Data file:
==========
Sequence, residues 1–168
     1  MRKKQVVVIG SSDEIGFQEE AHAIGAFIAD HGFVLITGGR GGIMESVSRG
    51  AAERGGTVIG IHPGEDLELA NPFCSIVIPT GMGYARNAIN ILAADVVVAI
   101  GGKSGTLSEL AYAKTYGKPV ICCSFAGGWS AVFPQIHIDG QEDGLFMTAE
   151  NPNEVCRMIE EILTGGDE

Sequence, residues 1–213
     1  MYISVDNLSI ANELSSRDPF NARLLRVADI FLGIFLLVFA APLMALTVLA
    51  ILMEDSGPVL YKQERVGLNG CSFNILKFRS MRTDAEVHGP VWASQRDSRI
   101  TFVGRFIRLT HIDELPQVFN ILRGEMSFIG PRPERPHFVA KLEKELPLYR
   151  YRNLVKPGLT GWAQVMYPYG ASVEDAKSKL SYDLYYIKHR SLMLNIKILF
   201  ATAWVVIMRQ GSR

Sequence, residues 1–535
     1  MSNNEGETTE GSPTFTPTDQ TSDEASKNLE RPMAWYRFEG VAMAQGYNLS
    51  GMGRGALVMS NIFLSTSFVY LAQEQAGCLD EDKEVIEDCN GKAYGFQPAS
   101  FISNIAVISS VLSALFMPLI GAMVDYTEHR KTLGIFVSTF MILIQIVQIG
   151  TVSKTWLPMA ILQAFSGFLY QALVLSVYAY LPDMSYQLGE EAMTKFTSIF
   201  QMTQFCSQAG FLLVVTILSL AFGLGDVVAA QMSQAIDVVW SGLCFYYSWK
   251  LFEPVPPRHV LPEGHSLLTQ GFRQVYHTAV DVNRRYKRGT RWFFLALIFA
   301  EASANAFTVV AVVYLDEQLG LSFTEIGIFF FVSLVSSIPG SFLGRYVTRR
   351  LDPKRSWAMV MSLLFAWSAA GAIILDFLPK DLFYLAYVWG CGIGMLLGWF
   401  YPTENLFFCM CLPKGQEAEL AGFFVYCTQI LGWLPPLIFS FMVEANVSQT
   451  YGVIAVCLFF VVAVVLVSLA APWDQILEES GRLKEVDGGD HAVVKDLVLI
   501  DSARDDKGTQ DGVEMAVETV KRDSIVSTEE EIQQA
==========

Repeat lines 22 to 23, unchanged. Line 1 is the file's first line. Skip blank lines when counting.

   451  YGVIAVCLFF VVAVVLVSLA APWDQILEES GRLKEVDGGD HAVVKDLVLI
   501  DSARDDKGTQ DGVEMAVETV KRDSIVSTEE EIQQA